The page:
11.   Government Code, section 7060.6 provides that “If an owner seeks to displace a tenant or lessee from accommodations withdrawn from rent or lease pursuant to this chapter by an unlawful detainer proceeding, the tenant or lessee may appear and answer or demur pursuant to Section 1170 of the Code of Civil Procedure and may assert by way of defense that the owner has not complied with the applicable provisions of this chapter, or statutes, ordinances, or regulations of public entities adopted to implement this chapter, as authorized by this chapter.”

12.   Similar to the eviction controls discussed in Birkenfeld, section 1806's eviction controls can be grouped into three categories.   (See Birkenfeld v. City of Berkeley, supra, 17 Cal.3d 129, 147–148, 130 Cal.Rptr. 465, 550 P.2d 1001.)   The first consists of breaches of the tenant's duties to the landlord:  failure to pay rent or to perform an obligation of the tenancy after notice (§ 1806, subds. (a), (b)), commission of a nuisance on or of substantial damage to the rented premises (§ 1806, subd. (c)), conviction of using the premises for an illegal purpose (§ 1806, subd. (d)), refusing the landlord reasonable access for repairs, or for showing to a prospective purchaser (§ 1806, subd. (f)), or transferring possession to an unauthorized subtenant (§ 1806, subd. (g)).  The second category consists of the landlord's good faith intention to withdraw the unit from the rental housing market for occupancy by the landlord or the landlord's specified relatives (§ 1806, subd. (h)), or for demolition or removal of the controlled rental unit from rental residential housing use after having obtained all proper permits from the City (§ 1806, subd. (i)).  The third category is the refusal of the tenant holding at the expiration of the rental housing agreement to execute a written renewal or extension for the same duration as the original agreement and on terms that are materially the same (§ 1806, subd. (e)).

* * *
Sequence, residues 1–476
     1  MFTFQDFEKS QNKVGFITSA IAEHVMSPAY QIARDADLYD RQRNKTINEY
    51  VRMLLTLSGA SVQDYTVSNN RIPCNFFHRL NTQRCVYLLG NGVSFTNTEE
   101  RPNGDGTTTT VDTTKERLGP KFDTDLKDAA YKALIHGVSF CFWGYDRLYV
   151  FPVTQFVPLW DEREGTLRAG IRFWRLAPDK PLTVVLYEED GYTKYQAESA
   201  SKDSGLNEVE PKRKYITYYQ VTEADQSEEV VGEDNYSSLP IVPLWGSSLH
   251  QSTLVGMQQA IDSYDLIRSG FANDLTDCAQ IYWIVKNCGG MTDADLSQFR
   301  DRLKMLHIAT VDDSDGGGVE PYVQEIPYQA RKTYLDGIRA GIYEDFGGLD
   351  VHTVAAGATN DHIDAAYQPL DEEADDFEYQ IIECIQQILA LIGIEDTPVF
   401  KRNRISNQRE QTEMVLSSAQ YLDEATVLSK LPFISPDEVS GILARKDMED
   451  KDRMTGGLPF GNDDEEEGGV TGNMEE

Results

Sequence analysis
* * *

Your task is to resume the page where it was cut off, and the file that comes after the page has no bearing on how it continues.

13.   Berkeley's charter amendment required a landlord, before commencing unlawful detainer proceedings, to obtain a certificate of eviction from the rent control board.   The Board was to give notice of the application for the certificate to the tenant who had five days in which to request a full hearing, to be conducted and determined within specified time limits.  (Birkenfeld v. City of Berkeley, supra, 17 Cal.3d at p. 150, 130 Cal.Rptr. 465, 550 P.2d 1001.)   In order to be granted a certificate, the landlord was to prove the existence of permissible grounds for eviction and that the tenancy had been properly terminated by notice and that there were no outstanding Code violations on the premises other than those substantially caused by the present tenants.  (Ibid.)  Additionally, no certificate was to be granted where the eviction was found to be in retaliation for reporting Code violations or charter amendment violations, or for organizing other tenants, or for enforcing rights under the charter amendment.  (Ibid.)  A finding adverse to the landlord on the existence of code violations on the premises or on the issues of retaliation precluded issuance of the certificate regardless of the existence of any of the grounds for eviction permitted by the charter amendment.  (Ibid.)

 LILLIE, Presiding Justice.

JOHNSON and KOLTS *, JJ., concur.